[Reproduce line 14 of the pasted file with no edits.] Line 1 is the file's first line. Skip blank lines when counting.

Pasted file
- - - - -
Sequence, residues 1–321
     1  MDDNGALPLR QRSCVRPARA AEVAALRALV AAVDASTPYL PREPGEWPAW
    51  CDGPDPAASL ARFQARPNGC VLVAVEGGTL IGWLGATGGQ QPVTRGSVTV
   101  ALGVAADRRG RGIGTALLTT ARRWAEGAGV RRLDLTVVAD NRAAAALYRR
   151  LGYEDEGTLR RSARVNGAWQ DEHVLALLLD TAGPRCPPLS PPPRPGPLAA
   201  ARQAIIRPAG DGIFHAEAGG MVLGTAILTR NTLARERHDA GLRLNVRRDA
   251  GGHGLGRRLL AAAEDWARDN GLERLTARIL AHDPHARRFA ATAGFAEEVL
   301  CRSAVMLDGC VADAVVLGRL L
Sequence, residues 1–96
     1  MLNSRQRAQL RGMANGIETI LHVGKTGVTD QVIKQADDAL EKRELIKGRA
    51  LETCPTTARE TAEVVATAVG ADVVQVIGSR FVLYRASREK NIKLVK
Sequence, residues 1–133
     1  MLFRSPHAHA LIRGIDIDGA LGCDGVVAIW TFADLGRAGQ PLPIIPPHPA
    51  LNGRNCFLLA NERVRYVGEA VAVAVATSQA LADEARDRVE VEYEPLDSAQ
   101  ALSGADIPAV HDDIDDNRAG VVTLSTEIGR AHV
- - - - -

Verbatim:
    51  LNGRNCFLLA NERVRYVGEA VAVAVATSQA LADEARDRVE VEYEPLDSAQ